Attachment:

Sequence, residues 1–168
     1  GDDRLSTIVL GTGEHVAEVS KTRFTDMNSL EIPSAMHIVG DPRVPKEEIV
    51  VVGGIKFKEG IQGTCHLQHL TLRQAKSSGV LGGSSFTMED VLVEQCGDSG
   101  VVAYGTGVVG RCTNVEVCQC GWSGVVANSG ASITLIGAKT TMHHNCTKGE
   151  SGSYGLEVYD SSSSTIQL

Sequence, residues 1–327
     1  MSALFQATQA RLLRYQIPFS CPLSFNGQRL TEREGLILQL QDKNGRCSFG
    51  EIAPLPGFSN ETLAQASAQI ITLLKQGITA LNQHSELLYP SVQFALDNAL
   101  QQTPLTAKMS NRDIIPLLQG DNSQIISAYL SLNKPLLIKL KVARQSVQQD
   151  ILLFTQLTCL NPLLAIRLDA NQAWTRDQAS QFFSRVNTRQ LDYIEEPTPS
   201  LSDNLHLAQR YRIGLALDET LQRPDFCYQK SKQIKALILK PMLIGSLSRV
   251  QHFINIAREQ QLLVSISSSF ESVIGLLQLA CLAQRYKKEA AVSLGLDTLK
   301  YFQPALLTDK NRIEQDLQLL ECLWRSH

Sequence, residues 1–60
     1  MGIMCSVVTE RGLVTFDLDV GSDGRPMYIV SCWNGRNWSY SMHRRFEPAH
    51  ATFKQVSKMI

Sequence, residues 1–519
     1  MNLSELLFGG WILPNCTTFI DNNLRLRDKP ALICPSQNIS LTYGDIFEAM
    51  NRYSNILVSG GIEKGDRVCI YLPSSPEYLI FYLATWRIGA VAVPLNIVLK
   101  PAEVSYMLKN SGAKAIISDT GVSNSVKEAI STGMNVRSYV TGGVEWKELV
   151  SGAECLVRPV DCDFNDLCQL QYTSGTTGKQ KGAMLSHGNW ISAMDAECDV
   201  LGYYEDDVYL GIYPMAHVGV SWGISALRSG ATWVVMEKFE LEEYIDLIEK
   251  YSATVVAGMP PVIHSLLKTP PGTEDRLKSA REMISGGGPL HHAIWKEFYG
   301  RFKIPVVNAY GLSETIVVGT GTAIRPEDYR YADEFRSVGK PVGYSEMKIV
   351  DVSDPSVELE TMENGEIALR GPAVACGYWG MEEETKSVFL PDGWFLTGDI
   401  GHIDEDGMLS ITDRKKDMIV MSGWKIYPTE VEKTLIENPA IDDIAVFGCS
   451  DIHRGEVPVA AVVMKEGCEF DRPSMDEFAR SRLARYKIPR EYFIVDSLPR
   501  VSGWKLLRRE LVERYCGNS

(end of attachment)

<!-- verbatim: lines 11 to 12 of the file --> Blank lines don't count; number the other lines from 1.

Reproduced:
   201  LSDNLHLAQR YRIGLALDET LQRPDFCYQK SKQIKALILK PMLIGSLSRV
   251  QHFINIAREQ QLLVSISSSF ESVIGLLQLA CLAQRYKKEA AVSLGLDTLK